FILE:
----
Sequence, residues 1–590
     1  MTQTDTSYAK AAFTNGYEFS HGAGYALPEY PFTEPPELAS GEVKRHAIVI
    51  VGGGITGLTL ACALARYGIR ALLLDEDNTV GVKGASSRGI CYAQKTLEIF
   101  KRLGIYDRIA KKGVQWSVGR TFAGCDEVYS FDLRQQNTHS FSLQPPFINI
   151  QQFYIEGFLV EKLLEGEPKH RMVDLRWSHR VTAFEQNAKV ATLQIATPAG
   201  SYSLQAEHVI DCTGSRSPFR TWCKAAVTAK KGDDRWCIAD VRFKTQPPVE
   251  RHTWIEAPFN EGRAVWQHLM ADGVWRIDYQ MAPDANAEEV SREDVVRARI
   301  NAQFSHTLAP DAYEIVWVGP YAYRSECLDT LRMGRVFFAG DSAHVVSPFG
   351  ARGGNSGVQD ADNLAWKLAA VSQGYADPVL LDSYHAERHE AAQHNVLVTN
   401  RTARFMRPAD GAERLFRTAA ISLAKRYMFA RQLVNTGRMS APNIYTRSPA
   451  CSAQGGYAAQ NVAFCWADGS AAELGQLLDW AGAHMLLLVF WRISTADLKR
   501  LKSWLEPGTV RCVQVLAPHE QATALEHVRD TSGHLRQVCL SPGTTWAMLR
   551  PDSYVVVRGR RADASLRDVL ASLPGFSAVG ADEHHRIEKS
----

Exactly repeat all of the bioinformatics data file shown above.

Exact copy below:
Sequence, residues 1–590
     1  MTQTDTSYAK AAFTNGYEFS HGAGYALPEY PFTEPPELAS GEVKRHAIVI
    51  VGGGITGLTL ACALARYGIR ALLLDEDNTV GVKGASSRGI CYAQKTLEIF
   101  KRLGIYDRIA KKGVQWSVGR TFAGCDEVYS FDLRQQNTHS FSLQPPFINI
   151  QQFYIEGFLV EKLLEGEPKH RMVDLRWSHR VTAFEQNAKV ATLQIATPAG
   201  SYSLQAEHVI DCTGSRSPFR TWCKAAVTAK KGDDRWCIAD VRFKTQPPVE
   251  RHTWIEAPFN EGRAVWQHLM ADGVWRIDYQ MAPDANAEEV SREDVVRARI
   301  NAQFSHTLAP DAYEIVWVGP YAYRSECLDT LRMGRVFFAG DSAHVVSPFG
   351  ARGGNSGVQD ADNLAWKLAA VSQGYADPVL LDSYHAERHE AAQHNVLVTN
   401  RTARFMRPAD GAERLFRTAA ISLAKRYMFA RQLVNTGRMS APNIYTRSPA
   451  CSAQGGYAAQ NVAFCWADGS AAELGQLLDW AGAHMLLLVF WRISTADLKR
   501  LKSWLEPGTV RCVQVLAPHE QATALEHVRD TSGHLRQVCL SPGTTWAMLR
   551  PDSYVVVRGR RADASLRDVL ASLPGFSAVG ADEHHRIEKS